It’s Restaurant Week, putting Brooklyn’s already vibrant culinary scene in the spotlight. Now through February 4, no fewer than 62 restaurants in the city’s most populous borough are offering discounted meals as part of the annual promotion. It’s an embarrassment of culinary choices: There’s Italian fare, Brazilian grub, Mexican cuisine, chophouses, sushi joints, Indian food and more to pick from.
But today we’re talking about barbecue. There are three Brooklyn BBQ joints taking part in Restaurant Week — Morgan’s in Prospect Heights, Dinosaur in Gowanus and Mable’s Smokehouse in Williamsburg — and this native Texan was wondering how they stack up against the real deal.
It’s no secret that there is a lot of affinity between Brooklyn and Austin culturally so it’s no surprise that Texas BBQ in particular is in the spotlight. I went on a Restaurant Week barbecue tour to evaluate several key dishes, including sides like coleslaw, cornbread and potato salad and meats including brisket, ribs and chili.
Here’s how they held up:
The Holy Trinity at Morgan’s BBQ (Photo by Andy Hirschfeld)
Morgan’s menu is filled with Texas BBQ staples, making it a must-try. Crafted by executive chef Cenobio Canalizo, Its pork ribs fall off the bone and its brisket is succulent. Its Restaurant Week menu, however, lacks some Texas staples — with only a Texas Chili on the pre-fixe menu.
The highlighted appetizer is a robust and flavorful Texas Chili Bowl, with just a bit of a kick. The flavor was a bit undermined by the consistency, though: The chili included cubed chuck beef that was chunky, tough and the pieces were too big for comfort.
Any BBQ joint is beholden to the quality of the smoker and the wood inside it. In the case of Morgan’s, its wood of choice is a tasteful (literally) white oak.
The most Texas BBQ-centric plate on the menu is called The Holy Trinity and it is a lot of food. Which is an important part of the BBQ experience — a plate with more food than any reasonable person could eat in one or even two sittings.
The 10-to-12-hour smoked brisket is juicy and melts in your mouth and flavorful, though it struck this Texas BBQ snobs as a bit under seasoned.
The ribs are a different story. It’s tender and juicy and a bestseller on the menu for good reason.
Where this place truly excels is with its sides. Its house made cornbread is sweet and moist and the coleslaw is traditional but with a twist — a splash of lemon.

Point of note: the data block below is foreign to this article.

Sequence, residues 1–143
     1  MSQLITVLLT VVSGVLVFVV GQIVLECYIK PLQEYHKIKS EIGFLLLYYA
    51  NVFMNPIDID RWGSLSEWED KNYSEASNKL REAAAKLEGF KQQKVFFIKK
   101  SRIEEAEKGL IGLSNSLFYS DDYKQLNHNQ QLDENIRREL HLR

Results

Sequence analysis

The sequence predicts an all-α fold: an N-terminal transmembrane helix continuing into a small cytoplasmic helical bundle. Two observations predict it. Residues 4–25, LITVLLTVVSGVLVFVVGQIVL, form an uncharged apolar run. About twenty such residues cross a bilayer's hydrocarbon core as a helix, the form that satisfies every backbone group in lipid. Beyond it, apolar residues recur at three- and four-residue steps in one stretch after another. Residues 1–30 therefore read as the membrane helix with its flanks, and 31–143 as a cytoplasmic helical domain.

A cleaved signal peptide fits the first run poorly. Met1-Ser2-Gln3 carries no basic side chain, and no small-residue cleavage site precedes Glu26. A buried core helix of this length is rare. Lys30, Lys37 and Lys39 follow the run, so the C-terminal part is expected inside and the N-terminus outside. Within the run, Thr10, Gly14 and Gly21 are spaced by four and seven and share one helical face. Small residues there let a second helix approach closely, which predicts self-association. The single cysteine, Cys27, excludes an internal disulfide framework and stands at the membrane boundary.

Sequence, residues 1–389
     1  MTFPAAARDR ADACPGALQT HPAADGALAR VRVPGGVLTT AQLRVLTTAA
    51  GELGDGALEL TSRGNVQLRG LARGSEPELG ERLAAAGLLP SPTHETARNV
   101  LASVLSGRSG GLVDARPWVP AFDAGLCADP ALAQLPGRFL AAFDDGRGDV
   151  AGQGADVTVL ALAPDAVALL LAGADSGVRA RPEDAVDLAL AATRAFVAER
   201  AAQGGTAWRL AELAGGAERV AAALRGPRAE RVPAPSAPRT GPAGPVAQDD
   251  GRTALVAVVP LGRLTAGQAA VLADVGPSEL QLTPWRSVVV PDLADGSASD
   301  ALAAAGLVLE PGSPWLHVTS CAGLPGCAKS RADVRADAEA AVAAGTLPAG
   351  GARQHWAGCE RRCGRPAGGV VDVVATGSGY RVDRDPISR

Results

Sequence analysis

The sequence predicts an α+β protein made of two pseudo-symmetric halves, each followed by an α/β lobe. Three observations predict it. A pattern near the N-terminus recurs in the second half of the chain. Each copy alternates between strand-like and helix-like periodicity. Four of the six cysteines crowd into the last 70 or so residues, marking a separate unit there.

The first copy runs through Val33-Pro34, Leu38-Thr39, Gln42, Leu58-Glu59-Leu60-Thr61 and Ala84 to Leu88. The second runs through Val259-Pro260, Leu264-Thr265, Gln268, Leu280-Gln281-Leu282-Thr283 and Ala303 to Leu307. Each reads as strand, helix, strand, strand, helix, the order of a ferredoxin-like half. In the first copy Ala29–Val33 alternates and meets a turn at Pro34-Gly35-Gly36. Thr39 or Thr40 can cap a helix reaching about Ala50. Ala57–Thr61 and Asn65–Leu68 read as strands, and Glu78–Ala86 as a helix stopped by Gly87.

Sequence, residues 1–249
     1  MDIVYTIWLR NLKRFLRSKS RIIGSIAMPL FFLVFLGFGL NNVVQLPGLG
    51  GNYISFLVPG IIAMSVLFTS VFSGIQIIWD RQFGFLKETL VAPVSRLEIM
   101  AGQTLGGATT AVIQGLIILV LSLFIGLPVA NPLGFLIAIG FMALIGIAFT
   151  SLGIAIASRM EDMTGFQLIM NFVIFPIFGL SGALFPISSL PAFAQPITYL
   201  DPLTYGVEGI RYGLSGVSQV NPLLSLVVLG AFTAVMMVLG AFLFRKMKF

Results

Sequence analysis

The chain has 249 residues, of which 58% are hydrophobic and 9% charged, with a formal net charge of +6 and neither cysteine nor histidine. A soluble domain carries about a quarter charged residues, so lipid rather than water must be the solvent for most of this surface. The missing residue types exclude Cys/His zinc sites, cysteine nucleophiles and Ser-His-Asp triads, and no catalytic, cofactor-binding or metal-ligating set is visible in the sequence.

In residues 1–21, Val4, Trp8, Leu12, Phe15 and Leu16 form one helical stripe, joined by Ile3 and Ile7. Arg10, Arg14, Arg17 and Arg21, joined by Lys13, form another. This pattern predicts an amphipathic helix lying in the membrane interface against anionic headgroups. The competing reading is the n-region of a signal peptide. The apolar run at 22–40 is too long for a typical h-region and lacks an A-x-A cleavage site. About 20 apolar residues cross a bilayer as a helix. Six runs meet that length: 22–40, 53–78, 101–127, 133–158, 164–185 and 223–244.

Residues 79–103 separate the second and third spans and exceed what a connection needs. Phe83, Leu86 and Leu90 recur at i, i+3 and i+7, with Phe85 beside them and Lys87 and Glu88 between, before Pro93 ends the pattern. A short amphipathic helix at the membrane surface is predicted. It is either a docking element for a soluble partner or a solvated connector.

For dessert try one of America’s favorite artery clogging classics: fried Oreos. The taste and simple presentation elevates this state fair staple that will bring a true sense of nostalgia to any transplant.
Morgan’s BBQ is at 267 Flatbush Avenue in Prospect Heights
The Frito pie at Mable’s (Photo by Andy Hirschfeld)
Mable’s Smokehouse in Williamsburg is the real deal.
Mable’s vibes are straight out of the Texas Hill Country right when you walk in the door. It’s spacious and no-frills, boasts a stunning bar, a partial open concept kitchen and a lot of Dolly Parton-themed decor.
Laura, a hostess and bartender, here tells us that patrons from the south come in frequently and extoll its authenticity.
“The menu is meant to be simple, authentic and reminiscent of roadside BBQ,” co-founder Meghan Love tells Brooklyn Magazine.
The Restaurant Week at Mable’s menu is stacked with Texas favorites like Frito pie: The brisket and ground beef chili comes served inside a bag of the corn chips with a dollop of sour cream.
The ribs are as good as anything you’d get in Austin, perfection. The brisket stands out. Like Morgan’s BBQ, Mable’s smokes it for10 to 12 hours. Mable’s then finishes it off in the oven for another hour or two. The staff wouldn’t divulge what kind of wood they use other than it was a blend. Regardless, you could taste the difference.
The sides are no-frills takes on the Texas classics — including a mayo-based potato salad, coleslaw, cornbread and all the fixins’.
As for dessert, if you have room, the Peanut Butter pie is simple but delicious with a graham cracker crust and a peanut butter mousse filling. This is the perfect sweet bite to finish off an authentic take on Texas cuisine.
Mable’s Smokehouse is at 44 Berry Street in Williamsburg
Ribs and potato salad at Dinosaur BBQ (Photo by Andy Hirschfeld)
Brisket is the centerpiece of any decent barbecue restaurant and this Gowanus joint gets it right. Smoked over a mix of hickory and white oak, Dinosaur’s brisket is so smooth and succulent you don’t even need a knife. It’s also served alongside the burnt tips — a delicacy.
For its ribs, Dinosaur takes more of a St. Louis approach to barbecue — a slight to my Texas sensibilities, but satisfying nonetheless, grilled and smothered in fragrant, sweet and traditional BBQ sauce. Both the ribs and brisket are served alongside a decedent, moist cornbread.
The spacious kitchen has a massive collection of Texas-style smokers — we counted four of these behemoths, fueled entirely by its wood mix. They’re so big that the Dinosaur crew needs a shovel to load the wood.
Fortunately, meat is the centerpiece of BBQ because that’s where the it’s impressiveness ends.: The coleslaw lacked flavor and the potato salad seemed more like cold mash potatoes.
Dinosaur BBQ is at 604 Union Street in Gowanus.
The report card
Best brisket: Dinosaur BBQ Best ribs: Mable’s Smokehouse Best cornbread: Morgan’s BBQ Best coleslaw: Morgan’s BBQ Best potato salad: Mable’s Smokehouse Best chili (served in its Frito pie): Mable’s Smokehouse Best desserts: Mable’s Smokehouse Best overall: Mable’s Smokehouse
The final word
All of the restaurants had their strengths. Morgan’s BBQ has the best sides including its cornbread and coleslaw. Dinosaur BBQ had the best brisket. Mable’s Smokehouse sweeped all other categories, making it the best overall in the eyes of this Texan.